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Consumers reluctant to try lower-alcohol wines

Published:  01 June, 2012

The lower-alcohol wine category will reach a natural cap due to consumer reluctance to try lighter style products, new research has indicated.

Wine Intelligence has found 10 million people - or 36% of regular wine drinkers in the UK - won't buy lower-alcohol wines.

While chief operating officer Richard Halstead predicted "there's going to be a market for lower alcohol wine" with around 13 million - or 45% of regular wine drinkers - currently buying them and a further five million saying they might try them, he said "consumers prefer the taste of higher alcohol wines".

Speaking during a Wine Intelligence seminar at the LIWF called The Future of Wine in 60 Minutes, Halstead added that retailers were "interested in giving shelf space to low alcohol products" and predicted they will devote around 10% of shelf space to create "new low alcohol zones".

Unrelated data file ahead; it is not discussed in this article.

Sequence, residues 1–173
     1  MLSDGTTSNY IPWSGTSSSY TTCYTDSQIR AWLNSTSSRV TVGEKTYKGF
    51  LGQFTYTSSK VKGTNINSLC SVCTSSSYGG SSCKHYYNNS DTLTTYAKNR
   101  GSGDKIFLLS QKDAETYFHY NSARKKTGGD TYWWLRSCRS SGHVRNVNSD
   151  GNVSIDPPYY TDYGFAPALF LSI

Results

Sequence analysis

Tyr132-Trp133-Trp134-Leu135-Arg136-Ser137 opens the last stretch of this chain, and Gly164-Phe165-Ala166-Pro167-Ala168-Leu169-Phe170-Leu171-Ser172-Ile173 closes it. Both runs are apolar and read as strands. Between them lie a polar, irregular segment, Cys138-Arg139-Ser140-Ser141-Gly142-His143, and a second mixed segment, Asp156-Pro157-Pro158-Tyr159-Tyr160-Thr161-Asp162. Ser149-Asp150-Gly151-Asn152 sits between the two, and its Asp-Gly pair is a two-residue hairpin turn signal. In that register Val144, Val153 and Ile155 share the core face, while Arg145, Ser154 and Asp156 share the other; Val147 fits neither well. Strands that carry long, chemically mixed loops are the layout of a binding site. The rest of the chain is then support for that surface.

The sub-11% abv wine category will grow to account for 6% to 8% of the off-trade by volume, he forecast.

Sainsbury's has committed to doubling sales of lower-alcohol wines of up to 10.5% abv by 2020, according to BWS head Andy Phelps. Speaking at the WI seminar, Phelps said the category grew by 14% last year. "Consumers do want lighter styles," he said, and rely on "clear on pack labelling". He added that the retailer was looking at reducing the abv of its own-label wine.

A blind taste test of lower-alcohol wines from the major multiples found the trade favours whites and rosés above reds. Conducted by Lynne Whitaker, founder of specialist marketing and research agency Winebrand, the Lighter Style Wines Taste Test "generated a huge amount of interest from all sectors of the trade", with 170 people taking part in the survey at the LIWF, Whitaker said.

"I think many were pleasantly surprised by the drinkability of some of the lower-alcohol wines now on sale in UK supermarkets - particularly the whites and rosés," she added. "There was a general consensus that producing palatable low alcohol red wines is more difficult, and the acceptance level for the reds was lower."